The entire state benefited from soaking rains that spread across Utah Tuesday bringing welcome relief from last week's string of record high temperatures.
William J. Alder, meteorologist in charge of the National Weather Service's Salt Lake Office, said the unexpected rains were sparked by a stream of moisture fed into the area from tropical storm Norbert in the Pacific."The upper level moisture juiced up the cool air," Alder said. "We weren't expecting to get any moisture out of the cool air flow."
The Salt Lake International Airport recorded .30 inches (bringing September's total to .31 inches), the same as in the Holladay area. Olympus Cove measured .51 inches while Centerville and Brighton reached .60 and .70 inches, respectively. Ogden received .60 inches and Park City .50.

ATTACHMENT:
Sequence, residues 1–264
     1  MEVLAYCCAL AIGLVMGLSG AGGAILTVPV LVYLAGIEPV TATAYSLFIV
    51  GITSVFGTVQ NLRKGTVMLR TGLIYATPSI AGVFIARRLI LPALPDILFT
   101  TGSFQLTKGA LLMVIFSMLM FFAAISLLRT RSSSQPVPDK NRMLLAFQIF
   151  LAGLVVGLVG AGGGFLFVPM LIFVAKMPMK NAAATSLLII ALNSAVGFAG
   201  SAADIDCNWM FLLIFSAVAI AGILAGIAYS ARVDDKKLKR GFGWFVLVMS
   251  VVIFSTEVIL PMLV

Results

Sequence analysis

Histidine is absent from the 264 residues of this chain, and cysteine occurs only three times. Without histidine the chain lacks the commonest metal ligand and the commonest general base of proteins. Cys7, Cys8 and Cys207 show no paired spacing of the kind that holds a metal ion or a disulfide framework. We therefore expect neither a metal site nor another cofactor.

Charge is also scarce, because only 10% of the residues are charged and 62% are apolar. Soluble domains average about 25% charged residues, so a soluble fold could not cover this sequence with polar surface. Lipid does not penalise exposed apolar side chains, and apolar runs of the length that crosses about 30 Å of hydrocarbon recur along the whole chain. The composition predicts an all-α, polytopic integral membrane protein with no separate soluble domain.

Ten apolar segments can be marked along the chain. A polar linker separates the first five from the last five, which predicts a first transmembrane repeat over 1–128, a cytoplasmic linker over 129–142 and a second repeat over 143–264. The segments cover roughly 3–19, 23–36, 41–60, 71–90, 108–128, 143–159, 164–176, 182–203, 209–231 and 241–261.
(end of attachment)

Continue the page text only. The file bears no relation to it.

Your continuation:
Rain was heaviest in southern and eastern Utah venues. The Castle Valley Academy near Moab received 1 inch, while the Dry Fork area near Vernal registered 1.25 inches. Price measured .75 inches and Blanding .63 inches.
Alder said measurements from a weather balloon Wednesday indicated snow was possible at elevations above 9,000 feet.